The pain under my left breast has been intense to the point of feeling like I may have had a cracked rib. A chest x-ray (clear again!) revealed that this was not the case, and my massage therapist deduced that the little muscles between all of my ribs are in spasm, and so that’s what we worked on for a few sessions. Huge help. I can now cough and take a deep breath without huge discomfort.

I am looking forward to my surgery. I can’t believe that it has been almost a year since I found that dreaded lump that now (in my mind, anyway) sits in some jar on some dusty shelf in the basement of a hospital. I can’t believe that a year ago, I was dating, and warning the person I was dating that I might have some tough stuff coming up, and so the door was ‘right there’ if he wanted to open it and run. It seems like a lifetime ago that I was launched into that flurry of tests-and-waiting-and-injections-and-scans-and-waiting-and-more-scans and finally sitting right where I sit today, waiting for surgery.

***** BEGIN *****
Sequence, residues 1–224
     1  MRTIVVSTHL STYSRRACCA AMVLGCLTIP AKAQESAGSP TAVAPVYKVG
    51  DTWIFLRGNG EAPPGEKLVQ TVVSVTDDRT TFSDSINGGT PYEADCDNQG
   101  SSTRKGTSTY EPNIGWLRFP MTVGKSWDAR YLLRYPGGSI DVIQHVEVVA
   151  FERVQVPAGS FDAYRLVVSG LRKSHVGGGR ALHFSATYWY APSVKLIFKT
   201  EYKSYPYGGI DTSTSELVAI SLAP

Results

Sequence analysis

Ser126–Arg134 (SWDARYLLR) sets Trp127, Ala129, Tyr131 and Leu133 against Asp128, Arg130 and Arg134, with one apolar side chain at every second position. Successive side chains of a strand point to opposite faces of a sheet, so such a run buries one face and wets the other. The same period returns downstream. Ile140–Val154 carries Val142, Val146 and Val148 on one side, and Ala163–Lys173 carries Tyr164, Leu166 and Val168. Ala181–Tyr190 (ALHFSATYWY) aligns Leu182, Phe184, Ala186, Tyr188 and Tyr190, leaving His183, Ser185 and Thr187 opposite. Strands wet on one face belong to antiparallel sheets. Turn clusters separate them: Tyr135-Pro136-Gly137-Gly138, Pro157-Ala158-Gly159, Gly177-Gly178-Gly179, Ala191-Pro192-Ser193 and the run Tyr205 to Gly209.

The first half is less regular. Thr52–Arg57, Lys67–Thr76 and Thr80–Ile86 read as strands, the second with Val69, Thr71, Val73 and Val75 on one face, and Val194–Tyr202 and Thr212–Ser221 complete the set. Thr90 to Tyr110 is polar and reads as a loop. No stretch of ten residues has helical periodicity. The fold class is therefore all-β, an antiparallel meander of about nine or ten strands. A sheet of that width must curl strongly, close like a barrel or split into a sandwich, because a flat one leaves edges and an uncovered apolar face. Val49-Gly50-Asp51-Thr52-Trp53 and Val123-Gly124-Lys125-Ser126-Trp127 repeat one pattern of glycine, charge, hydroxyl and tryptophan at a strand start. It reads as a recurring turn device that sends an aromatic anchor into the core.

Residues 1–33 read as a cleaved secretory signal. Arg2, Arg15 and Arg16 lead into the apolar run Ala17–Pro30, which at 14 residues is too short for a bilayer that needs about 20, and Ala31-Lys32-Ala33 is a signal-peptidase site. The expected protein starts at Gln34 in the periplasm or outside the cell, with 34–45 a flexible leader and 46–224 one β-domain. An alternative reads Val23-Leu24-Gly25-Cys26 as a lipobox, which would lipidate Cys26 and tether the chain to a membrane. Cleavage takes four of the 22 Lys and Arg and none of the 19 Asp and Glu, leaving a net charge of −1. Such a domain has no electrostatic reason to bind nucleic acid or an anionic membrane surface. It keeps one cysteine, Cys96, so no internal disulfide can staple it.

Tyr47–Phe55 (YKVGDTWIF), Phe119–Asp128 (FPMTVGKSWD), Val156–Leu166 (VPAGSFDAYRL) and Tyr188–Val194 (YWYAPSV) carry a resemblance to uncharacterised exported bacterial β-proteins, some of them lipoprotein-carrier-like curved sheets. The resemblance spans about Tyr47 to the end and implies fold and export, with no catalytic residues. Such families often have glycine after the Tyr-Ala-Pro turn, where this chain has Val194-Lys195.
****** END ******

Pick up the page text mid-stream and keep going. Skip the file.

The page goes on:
I woke up today and thought back to the night before my surgery last year, when my sister and I parked ourselves at the hotel lobby bar with every intention of going out for a lovely dinner, and instead staying there, drinking wine and eating appetizers, making a few interesting friends that evening, including a bartender that wrote us a card to thank us for sharing our story. That evening ended with my sister cranking up ‘You can do it; put your ass into it’ on her i-pod, and us dancing on the swanky hotel-lobby carpet with our new ‘friends’, before very responsibly ushering ourselves up to bed before 11:30pm. Because, you know, no eating or drinking after midnight!

This time is different. This surgery represents the beginning of the end of this for me. Kind of a wrapping-up of what has been, hands-down, the most interesting year of my life. Exactly two weeks from right now, I will be prepped for surgery and waiting to get rolled into the operating room. And when I wake up from that surgery, I am hoping to be exactly the opposite of traumatized. Two weeks from now, I will have just a little more hair on my head, almost enough to look ‘on purpose’, and I will have what I promise to learn to love as my new breasts. There may be a lingerie party in my future. Stay tuned.